Sunday, November 28, 2010


It's the last night before Chris and Nick go back to college. Meg and I have had a nice Thanksgiving weekend with them, but I, ever the pitiful sentimentalist, am looking for one more night of family time. I’m scrolling through the movie catalogue with Nick, who, like me, not only will watch just about anything but actually likes romantic comedies and English period films, but I’m not seeing anything I think I can sell to Chris. And then I remember “How to Train Your Dragon.”

We had all gone out to Best Buy that afternoon to browse electronic toys. Even Meg likes to do that. Chris and I were wandering among the video graphics cards, thinking about our Christmas lists, when we came upon the television section and were drawn in by the amazing beauty of some of the big screens. One of the nicest was set up with a sound system in a kind of faux home-theatre grouping. We sank into the pair of leather club chair and watched ten minutes or so of “How to Train Your Dragon,” with Chris, who will be twenty-one in a month, smiling like a young boy as he explained to me what was going on (he had already seen the movie).

Fantasy days
Over the holiday weekend, at dinners and lunches, over Scrabble, sitting around late in the evening, we had talked about so many things, so enjoyably, and yet, like an addict, I’m always left wanting more. We talk about politics and public policy; we talk about what they are studying in college, what they are looking forward to learning. But while I can get tidbits about dorm food and a little about friends, its hard to know as much about their personal lives as I used to: who they’re hanging out with, whether they have their eyes on a girl, all the stuff that boys seem to clam up about as they get older. When it comes to the juicy stuff (the things Elizabeth Bennett and her sister Jane talked about so freely), the most I can ever get from Chris or Nick these days is “it’s complicated.”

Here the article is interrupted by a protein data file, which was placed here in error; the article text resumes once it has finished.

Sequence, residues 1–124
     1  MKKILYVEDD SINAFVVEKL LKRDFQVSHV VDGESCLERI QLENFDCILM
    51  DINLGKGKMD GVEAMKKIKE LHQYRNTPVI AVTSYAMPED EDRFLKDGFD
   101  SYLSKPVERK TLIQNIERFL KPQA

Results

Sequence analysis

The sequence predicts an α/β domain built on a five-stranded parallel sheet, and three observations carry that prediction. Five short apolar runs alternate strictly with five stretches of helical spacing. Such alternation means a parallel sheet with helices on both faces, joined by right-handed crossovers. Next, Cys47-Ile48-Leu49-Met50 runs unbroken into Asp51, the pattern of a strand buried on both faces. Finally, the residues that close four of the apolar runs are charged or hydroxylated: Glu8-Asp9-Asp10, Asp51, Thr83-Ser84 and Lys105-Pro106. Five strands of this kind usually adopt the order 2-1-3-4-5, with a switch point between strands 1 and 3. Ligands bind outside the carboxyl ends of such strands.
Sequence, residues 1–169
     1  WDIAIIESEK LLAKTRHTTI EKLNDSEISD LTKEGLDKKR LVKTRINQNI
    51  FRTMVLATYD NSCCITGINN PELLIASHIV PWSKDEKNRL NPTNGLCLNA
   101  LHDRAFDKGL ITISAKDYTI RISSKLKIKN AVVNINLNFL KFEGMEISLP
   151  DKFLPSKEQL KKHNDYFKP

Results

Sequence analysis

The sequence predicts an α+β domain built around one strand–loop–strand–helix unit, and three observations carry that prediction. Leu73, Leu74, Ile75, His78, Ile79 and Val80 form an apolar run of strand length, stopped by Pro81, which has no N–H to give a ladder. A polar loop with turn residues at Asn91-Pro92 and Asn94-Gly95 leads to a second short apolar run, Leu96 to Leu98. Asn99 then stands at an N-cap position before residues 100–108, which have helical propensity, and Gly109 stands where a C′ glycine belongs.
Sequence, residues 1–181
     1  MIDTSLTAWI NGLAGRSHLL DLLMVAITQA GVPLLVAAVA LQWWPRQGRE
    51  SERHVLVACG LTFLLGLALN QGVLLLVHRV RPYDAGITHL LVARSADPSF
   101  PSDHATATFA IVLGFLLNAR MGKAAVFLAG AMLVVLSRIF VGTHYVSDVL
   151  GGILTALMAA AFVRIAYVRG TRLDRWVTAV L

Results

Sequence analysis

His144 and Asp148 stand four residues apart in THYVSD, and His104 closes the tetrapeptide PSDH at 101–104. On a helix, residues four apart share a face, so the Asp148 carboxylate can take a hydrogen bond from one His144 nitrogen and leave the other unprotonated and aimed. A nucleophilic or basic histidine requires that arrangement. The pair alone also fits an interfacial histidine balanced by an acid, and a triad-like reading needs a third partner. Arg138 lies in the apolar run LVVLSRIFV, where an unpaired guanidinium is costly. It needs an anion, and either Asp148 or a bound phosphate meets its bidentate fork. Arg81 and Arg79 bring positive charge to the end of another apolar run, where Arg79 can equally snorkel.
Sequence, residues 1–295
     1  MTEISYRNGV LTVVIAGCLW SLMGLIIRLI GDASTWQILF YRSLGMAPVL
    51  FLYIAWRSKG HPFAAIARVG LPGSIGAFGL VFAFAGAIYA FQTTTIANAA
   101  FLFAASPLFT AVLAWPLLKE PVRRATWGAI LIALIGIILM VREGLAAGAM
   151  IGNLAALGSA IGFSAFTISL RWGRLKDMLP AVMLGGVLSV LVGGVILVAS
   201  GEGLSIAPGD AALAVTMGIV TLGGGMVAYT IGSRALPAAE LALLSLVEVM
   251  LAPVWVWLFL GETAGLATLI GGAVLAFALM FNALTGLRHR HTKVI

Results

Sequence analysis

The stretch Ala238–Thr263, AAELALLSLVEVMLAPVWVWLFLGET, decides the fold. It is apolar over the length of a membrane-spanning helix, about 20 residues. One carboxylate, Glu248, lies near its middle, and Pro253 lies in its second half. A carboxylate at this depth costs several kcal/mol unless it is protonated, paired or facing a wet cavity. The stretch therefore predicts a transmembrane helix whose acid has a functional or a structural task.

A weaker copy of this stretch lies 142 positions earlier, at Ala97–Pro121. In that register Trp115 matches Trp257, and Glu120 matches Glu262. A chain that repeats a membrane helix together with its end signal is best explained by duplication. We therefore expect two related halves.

I’m sure Chris and Nick would say I know way more about them than I need to, but still there is an umbilical that connects the family when kids are young that doesn’t reach as far as a college campus. When we all sit in the family room and eat popcorn and watch a movie, it feels like I’ve hooked that life-support system back up.

As we watched that night, I wondered what they were thinking. Were they caught up in the magic the way I was, transported to that parallel universe where the skinny kid with the big heart can ride dragons? That’s the world we parents see for our children, right? We want to believe they can do anything; we want them to believe they can do anything.

I wonder whether the magic creeps into their sense of self and possibility. Do they come away from a movie like that feeling (if not exactly believing) that they to might be able to tame a dragon and fly him into their future?

There was this: the dragons in the movie were just like Frodo, our dog (except for the details involving flying and breathing fire). The boy hero related to his dragon pal the same way Chris and Nick relate to Frodo. That sort of makes the fantasy true, doesn’t it? Frodo could grow wings.

I’m not sure whether Chris and Nick like fantasy for the same reasons I do, whether it puts us all under the same spell, but stories like that, of hopes and dreams coming true with the help of a bit of magic, have been bringing us together since they were very young. And that night, before they left to go back out into their own strange new world, with its own kinds of dragons, for that two hours, nothing was complicated.

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